As the latest unemployment figures indicate that nearly 700,000 people have lost their jobs since the Covid-19 crisis began five months ago, a business leader has called on the government to review its criteria for local lockdowns and further restrictions, or face the prospect of an unemployment epidemic.

The chief executive of business lobbying organisation Downtown in Business (DIB), Frank McKenna, said that the economy was now on the precipice of a long-term depression if the government did not change course.

“The official figures announced today show that the jobless total has risen by over 4% since March. Given that the government’s furlough scheme is about to end, and that a threat of lockdown is hanging over many towns and cities across the UK, this is the tip of the iceberg.

“It is not just the hospitality sector that is at risk. The zombified state of our city centres and the disruption being caused by the government’s chaotic approach to the pandemic is resulting in firms now reviewing their staffing levels for 2021.

Mr. McKenna added:

“With the latest Institute of Employment Studies survey predicting that the number of redundancies planned in the UK will now exceed anything seen in at least a generation, surely it is time to ask the question ‘Is the Prize worth the Price?

“Is the ‘R’ rate the only measure that we should be using to dictate future policy? Should we not be looking at the number of hospitalisations and the number of deaths as the true indicator of the impact of Coronavirus?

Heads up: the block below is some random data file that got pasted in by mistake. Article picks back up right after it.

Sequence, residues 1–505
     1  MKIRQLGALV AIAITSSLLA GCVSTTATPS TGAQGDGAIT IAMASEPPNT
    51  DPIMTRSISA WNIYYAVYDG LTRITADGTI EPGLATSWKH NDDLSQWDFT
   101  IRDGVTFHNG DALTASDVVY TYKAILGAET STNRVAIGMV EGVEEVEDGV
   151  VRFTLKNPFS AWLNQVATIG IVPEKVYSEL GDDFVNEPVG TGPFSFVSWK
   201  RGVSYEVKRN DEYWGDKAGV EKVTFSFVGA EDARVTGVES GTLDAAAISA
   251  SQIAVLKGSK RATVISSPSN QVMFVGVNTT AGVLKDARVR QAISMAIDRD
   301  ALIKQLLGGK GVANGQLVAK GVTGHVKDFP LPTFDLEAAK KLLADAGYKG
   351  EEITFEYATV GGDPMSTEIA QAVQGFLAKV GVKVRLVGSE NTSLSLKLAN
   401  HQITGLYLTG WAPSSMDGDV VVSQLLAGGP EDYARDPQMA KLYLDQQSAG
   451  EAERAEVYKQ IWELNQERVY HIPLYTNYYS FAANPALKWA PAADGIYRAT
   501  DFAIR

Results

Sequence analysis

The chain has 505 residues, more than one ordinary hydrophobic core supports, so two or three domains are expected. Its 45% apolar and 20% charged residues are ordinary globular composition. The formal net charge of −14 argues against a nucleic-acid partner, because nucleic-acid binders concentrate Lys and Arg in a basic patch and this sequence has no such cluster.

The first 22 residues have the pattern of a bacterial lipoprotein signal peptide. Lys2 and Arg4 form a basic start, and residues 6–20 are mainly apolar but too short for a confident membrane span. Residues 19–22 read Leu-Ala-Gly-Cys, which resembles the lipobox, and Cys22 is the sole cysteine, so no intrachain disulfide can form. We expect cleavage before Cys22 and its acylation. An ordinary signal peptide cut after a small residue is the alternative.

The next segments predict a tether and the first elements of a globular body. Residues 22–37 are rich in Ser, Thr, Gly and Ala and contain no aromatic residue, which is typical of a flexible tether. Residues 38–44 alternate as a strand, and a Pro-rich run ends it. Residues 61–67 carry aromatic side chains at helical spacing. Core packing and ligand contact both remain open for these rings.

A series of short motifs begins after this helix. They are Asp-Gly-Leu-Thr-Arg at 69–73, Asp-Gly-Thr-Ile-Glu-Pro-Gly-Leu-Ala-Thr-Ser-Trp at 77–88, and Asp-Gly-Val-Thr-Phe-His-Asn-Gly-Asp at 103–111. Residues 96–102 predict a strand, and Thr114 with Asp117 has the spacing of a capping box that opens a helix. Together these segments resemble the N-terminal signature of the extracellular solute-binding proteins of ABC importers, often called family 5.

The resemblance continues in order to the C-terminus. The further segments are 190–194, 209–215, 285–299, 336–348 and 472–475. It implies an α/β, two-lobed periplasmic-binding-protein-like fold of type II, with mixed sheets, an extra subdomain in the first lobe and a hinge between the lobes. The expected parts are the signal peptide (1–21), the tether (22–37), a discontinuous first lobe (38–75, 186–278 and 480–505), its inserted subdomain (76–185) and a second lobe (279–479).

“I think it is now imperative that the government, alongside regional mayors, start to have a serious conversation about the wider, long-term economic impact that the current policy will have on the country. If we don’t change course, then an unemployment figure north of 3million is inevitable.”

Mr McKenna also said that more detailed data about other social and health consequences of the lockdown needs to be revealed.

“How many cancer operations have been cancelled? What is the increase in reported domestic violence case? What spike have we seen in child abuse cases? Have suicide rates changed? What is the medium to long-term effects on students who had six-months out of school, with the prospect of further absence in local lockdown areas? What are the health implications, particularly in areas of deprivation, resulting from an explosion in unemployment?

“I am amazed that these questions are not exercising the minds of our senior decision-makers. It is time that we had a more rounded, strategic debate about our approach to Covid-19. We are sleepwalking towards a host of problems that could make the current challenges look like a cake walk in comparison.”